State v. Fritsche, ___ N.C. App. ___, 2022-NCCOA-339 (May. 17, 2022)

In 2000, the defendant pleaded guilty to sexual exploitation of a child in violation of Colorado’s laws. The defendant served eight years in prison and registered with the Colorado Sex Offender Registry in 2008, as required by Colorado law. In February 2020, the defendant moved from Colorado to Florida and registered with the Florida Sex Offender Registry, as required by Florida law. The defendant moved to North Carolina in October 2020 and filed a petition requesting a judicial determination of his requirement to register in North Carolina as a sex offender. The trial court entered an order in 2021 requiring that the defendant register as a sex offender on the North Carolina Sex Offender Registry, and the defendant did so on the following business day.

The defendant then filed a petition pursuant to G.S. 14- 208.12A for termination of his requirement to register as a sex offender. The trial court denied the defendant’s petition on the ground that the defendant did not satisfy all of the conditions for early termination of his requirement to register as a sex offender, in that he had not been registered as a sex offender for ten years in North Carolina.

On appeal, the defendant argued that the trial court erred in denying his petition to terminate his requirement to register as a sex offender because the Court’s holding in In re Borden, 216 N.C. App. 579 (2011), was incorrectly decided and should be overturned. In Borden, the Court of Appeals interpreted the statutory phrase “ten years from the date of initial county registration” as limiting eligibility for removal from the North Carolina sex-offender registry to offenders who have been registered for at least ten years from their initial date of registration in a North Carolina county, rather than ten years from the offender’s initial date of registration in any jurisdiction. Slip op. at ¶ 12. Here, the Court determined that although the defendant initially registered as a sex offender in Colorado in 2008, he initially registered as a sex offender in North Carolina in 2021. The Court thus held that because the defendant did not satisfy the statute’s requisite period of registration, he was ineligible for termination from the sex-offender registry.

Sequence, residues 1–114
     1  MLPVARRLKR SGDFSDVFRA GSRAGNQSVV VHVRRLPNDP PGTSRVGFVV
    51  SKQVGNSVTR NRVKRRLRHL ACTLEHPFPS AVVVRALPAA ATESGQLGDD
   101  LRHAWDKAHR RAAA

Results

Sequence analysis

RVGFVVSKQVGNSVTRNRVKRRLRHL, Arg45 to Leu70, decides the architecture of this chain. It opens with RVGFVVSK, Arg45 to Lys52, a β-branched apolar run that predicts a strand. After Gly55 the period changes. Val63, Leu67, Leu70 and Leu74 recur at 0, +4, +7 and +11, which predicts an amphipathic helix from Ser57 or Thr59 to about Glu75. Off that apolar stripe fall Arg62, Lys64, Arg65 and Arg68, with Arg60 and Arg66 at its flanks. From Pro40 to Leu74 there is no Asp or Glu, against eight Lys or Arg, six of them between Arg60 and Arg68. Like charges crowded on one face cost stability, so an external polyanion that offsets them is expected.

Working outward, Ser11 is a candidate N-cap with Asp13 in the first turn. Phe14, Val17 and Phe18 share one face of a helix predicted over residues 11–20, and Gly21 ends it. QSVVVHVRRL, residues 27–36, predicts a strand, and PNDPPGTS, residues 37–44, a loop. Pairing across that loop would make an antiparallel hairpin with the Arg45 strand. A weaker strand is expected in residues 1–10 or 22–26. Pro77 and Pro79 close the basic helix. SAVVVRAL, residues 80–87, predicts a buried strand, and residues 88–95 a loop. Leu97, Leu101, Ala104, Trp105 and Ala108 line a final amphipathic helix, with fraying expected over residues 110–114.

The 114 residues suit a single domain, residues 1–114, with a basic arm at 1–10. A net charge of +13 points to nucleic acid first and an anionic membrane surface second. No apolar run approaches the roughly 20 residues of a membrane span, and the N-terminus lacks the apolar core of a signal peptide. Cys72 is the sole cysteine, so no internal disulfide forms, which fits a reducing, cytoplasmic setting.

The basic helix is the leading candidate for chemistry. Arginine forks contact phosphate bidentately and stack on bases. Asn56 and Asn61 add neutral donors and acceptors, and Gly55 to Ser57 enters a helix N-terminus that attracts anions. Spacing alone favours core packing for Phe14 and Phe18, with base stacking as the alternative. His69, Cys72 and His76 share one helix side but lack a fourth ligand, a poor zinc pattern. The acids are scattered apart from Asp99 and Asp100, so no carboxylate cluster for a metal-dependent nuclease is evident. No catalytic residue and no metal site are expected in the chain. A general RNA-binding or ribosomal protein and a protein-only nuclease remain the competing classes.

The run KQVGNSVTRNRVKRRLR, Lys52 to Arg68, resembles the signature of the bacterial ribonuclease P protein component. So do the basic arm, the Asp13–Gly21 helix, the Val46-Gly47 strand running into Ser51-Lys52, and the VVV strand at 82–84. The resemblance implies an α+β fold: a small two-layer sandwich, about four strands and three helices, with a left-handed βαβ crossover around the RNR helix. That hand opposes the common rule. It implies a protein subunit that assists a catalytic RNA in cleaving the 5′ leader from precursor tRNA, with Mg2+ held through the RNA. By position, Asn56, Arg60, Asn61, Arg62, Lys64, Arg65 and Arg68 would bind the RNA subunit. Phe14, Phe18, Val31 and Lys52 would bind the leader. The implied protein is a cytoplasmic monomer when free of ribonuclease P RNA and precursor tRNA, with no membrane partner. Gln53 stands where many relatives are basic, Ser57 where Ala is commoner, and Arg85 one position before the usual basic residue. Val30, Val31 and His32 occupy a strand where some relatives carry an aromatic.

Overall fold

The defendant argued, in the alternative, that the trial court erred in denying his petition to terminate his requirement to register as a sex offender because the termination statute’s ten-year North Carolina registry requirement violates the Equal Protection Clause. The Court of Appeals determined that an individual’s residency at the time of his initial registration as a sex offender is not inherently suspect, and thus applied a rational basis review to determine whether the statute violated the Equal Protection Clause. The Court concluded that the requirement that a defendant be registered in North Carolina as a sex offender for at least ten years in order to be eligible for early termination of sex offender registration is rationally related to the State’s legitimate interests in maintaining public safety and protection. The Court also concluded that the defendant was treated the same as all other registered sex offenders who initially enrolled in another jurisdiction’s sex-offender registry based upon an out-of-state conviction. The Court thus held that the ten-year North Carolina registry requirement under G.S. 14-208.12A(a) does not violate the Equal Protection Clauses of the United States and North Carolina Constitutions.